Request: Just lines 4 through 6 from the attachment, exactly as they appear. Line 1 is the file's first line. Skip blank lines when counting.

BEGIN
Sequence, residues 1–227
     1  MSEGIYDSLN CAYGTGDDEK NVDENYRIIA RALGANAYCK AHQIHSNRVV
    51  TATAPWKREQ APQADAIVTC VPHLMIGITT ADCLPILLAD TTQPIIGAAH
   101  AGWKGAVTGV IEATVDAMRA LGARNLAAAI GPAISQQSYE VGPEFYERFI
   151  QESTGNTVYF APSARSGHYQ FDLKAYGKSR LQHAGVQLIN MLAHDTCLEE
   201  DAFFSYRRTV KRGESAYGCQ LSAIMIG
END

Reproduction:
   101  AGWKGAVTGV IEATVDAMRA LGARNLAAAI GPAISQQSYE VGPEFYERFI
   151  QESTGNTVYF APSARSGHYQ FDLKAYGKSR LQHAGVQLIN MLAHDTCLEE
   201  DAFFSYRRTV KRGESAYGCQ LSAIMIG